TRA now told to focus on property tax collection

18Nov 2018
The Guardian Reporter
DAR ES SALAAM
Guardian On Sunday
TRA now told to focus on property tax collection

THE government has given the Tanzania Revenue Authority (TRA) six months during which it should indentify all houses liable to pay tax and state clearly how much it expects to collect as property tax.

Finance and Planning Deputy Minister Dr Ashantu Kijaji.

Finance and Planning Deputy Minister Dr Ashantu Kijaji issued the directive yesterday at the 11th graduation ceremony of the Institute of Tax Administration (ITA) held in Dar es Salaam.

The minister said once the exercise was over, it would enable the government to earn more revenue in property tax.

Dr Kijaji admitted that few sources of revenue had forced the government to charge high tax rates.

“If TRA indentifies all the houses in the country, it can easily collect property tax from the owners, thereby increasing government revenue,” she said.

Kijaji said TRA had no reliable data on the number of houses liable for property tax in specific areas of the country and therefore it cannot state clearly how it expects to collect in a specific period of time.

The minister directed the tax body to make a thorough compilation of the number of houses in the country with a view to knowing the amount due to the government in property tax.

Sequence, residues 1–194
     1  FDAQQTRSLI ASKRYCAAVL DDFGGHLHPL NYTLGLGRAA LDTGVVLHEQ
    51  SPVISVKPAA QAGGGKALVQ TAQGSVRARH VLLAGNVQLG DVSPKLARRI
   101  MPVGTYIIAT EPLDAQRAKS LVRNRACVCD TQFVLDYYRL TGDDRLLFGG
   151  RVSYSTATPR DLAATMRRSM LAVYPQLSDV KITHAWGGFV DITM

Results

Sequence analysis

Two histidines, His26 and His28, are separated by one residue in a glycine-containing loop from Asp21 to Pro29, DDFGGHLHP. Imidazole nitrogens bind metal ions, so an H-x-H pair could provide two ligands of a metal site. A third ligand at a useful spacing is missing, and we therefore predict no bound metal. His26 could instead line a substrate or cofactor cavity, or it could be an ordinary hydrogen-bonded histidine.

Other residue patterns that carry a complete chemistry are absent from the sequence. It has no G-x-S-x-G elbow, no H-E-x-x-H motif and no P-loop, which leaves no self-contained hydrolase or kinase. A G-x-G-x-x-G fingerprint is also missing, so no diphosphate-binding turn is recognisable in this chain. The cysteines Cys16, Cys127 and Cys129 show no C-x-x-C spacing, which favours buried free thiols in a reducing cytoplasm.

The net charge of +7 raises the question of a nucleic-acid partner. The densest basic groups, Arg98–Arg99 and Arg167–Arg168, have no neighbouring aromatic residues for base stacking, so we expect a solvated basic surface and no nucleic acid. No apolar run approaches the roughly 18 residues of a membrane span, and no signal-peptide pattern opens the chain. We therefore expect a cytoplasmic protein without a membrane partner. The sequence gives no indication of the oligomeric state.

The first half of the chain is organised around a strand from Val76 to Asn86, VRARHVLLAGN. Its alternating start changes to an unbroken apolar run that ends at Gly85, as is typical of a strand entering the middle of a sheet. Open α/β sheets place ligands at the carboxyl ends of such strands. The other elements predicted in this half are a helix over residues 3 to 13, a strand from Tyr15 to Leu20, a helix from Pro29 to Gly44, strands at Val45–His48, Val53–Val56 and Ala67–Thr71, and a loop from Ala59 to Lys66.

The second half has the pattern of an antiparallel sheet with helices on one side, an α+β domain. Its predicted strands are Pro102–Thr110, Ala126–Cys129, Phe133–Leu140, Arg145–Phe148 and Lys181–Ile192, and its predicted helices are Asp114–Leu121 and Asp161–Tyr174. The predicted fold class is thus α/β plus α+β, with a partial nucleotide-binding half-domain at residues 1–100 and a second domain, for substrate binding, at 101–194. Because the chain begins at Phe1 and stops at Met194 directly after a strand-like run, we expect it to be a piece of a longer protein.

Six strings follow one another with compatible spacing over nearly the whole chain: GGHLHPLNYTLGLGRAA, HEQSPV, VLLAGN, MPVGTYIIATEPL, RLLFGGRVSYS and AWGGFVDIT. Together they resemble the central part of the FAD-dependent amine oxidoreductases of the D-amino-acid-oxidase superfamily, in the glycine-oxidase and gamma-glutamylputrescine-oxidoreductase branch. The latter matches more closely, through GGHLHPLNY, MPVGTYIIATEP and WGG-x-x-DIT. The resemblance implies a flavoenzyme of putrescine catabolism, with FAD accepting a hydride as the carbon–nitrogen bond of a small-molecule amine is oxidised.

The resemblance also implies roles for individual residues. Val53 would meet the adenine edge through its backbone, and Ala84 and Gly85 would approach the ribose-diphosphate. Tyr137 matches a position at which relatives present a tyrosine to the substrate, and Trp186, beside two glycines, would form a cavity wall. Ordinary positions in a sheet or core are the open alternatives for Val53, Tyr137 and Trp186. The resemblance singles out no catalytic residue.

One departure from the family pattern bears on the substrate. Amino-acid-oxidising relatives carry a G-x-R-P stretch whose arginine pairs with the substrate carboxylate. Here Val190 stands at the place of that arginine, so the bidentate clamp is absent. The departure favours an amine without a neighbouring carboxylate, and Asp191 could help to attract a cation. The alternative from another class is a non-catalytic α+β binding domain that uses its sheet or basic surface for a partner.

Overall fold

Meanwhile, she has called on the ITA management to invest in research in customs and tax fields.

ITA must now conduct applied research that can give solutions and increase revenue while preventing tax evasion, the minister said.

During the graduation ceremony, Dr Kijaji conferred certificates, diplomas and degrees to 360 graduates and rewarded fourteen best performing students while other special awards were given to best researchers who conducted research in the financial year 2017/18.

For his part, ITA Governing Council Chairman  Dr Samweli Werema said already ITA had taken some initiatives aimed at making it a centre of excellence.

He said the East African Community (EAC) secretariat had identified the institute as a leading training institution in customs and tax administration fields and consequently earmarked it for recognition as a centre of excellence in customs and tax studies in the region.

Werema said the institute was set to improve its curriculum, build the capacity of lecturers and conducting more research.

ITA Rector Prof Isaya Jairo said lack of adequate budget was one of the big challenges the institute faced, calling on the government to increase its budget.

He said ITA planned to enrol up to 1000 students annually while it had hostels that could accommodate only 134 students.

 “We plan to increase the enrolment of students to 1000 annually to address the shortage of experts in tax administration,” Jairo said.

Currently the institute enrols between 600 and 800 students annually, which is still low.

 “Lack of tax experts is a big challenge,” he said.

According to him, the institute enjoys national and international recognition, noting that it enrols students from countries such as Botswana, Uganda, Malawi, South Africa and Benin in West Africa.

 According to the don, ITA and the Institute for Finance Management (IFM) were the only academic bodies entitled to offer tax courses in the country.

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